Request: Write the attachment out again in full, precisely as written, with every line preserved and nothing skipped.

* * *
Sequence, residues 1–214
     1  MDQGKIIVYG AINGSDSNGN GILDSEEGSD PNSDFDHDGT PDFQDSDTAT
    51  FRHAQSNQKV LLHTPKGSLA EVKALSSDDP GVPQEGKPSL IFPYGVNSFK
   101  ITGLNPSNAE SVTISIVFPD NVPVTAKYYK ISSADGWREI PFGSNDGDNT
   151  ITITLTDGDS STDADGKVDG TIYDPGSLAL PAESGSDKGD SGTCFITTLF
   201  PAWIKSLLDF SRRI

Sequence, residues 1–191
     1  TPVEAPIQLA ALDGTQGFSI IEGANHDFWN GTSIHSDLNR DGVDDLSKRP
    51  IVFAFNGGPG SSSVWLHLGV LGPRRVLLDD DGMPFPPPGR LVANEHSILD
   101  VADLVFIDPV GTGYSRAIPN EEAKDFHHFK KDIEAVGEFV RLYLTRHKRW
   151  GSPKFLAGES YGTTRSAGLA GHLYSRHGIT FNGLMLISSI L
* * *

Sequence, residues 1–214
     1  MDQGKIIVYG AINGSDSNGN GILDSEEGSD PNSDFDHDGT PDFQDSDTAT
    51  FRHAQSNQKV LLHTPKGSLA EVKALSSDDP GVPQEGKPSL IFPYGVNSFK
   101  ITGLNPSNAE SVTISIVFPD NVPVTAKYYK ISSADGWREI PFGSNDGDNT
   151  ITITLTDGDS STDADGKVDG TIYDPGSLAL PAESGSDKGD SGTCFITTLF
   201  PAWIKSLLDF SRRI

Sequence, residues 1–191
     1  TPVEAPIQLA ALDGTQGFSI IEGANHDFWN GTSIHSDLNR DGVDDLSKRP
    51  IVFAFNGGPG SSSVWLHLGV LGPRRVLLDD DGMPFPPPGR LVANEHSILD
   101  VADLVFIDPV GTGYSRAIPN EEAKDFHHFK KDIEAVGEFV RLYLTRHKRW
   151  GSPKFLAGES YGTTRSAGLA GHLYSRHGIT FNGLMLISSI L